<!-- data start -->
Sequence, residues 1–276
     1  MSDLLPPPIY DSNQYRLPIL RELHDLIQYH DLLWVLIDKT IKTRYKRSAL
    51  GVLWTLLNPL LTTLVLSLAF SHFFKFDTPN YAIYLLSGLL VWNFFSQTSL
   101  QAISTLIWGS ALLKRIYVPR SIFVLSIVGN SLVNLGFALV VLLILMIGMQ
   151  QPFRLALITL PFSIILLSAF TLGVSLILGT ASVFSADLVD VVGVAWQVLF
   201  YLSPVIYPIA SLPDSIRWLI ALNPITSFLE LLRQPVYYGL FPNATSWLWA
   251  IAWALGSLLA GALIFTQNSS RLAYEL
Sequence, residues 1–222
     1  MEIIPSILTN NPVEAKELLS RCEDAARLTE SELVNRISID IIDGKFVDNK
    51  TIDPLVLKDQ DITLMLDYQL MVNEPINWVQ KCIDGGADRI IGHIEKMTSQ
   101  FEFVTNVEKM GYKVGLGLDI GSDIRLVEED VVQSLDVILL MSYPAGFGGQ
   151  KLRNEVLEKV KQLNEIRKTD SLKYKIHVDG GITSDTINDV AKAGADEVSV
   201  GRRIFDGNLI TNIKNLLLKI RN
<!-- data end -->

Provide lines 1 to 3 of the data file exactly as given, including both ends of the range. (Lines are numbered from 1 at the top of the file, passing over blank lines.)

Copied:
Sequence, residues 1–276
     1  MSDLLPPPIY DSNQYRLPIL RELHDLIQYH DLLWVLIDKT IKTRYKRSAL
    51  GVLWTLLNPL LTTLVLSLAF SHFFKFDTPN YAIYLLSGLL VWNFFSQTSL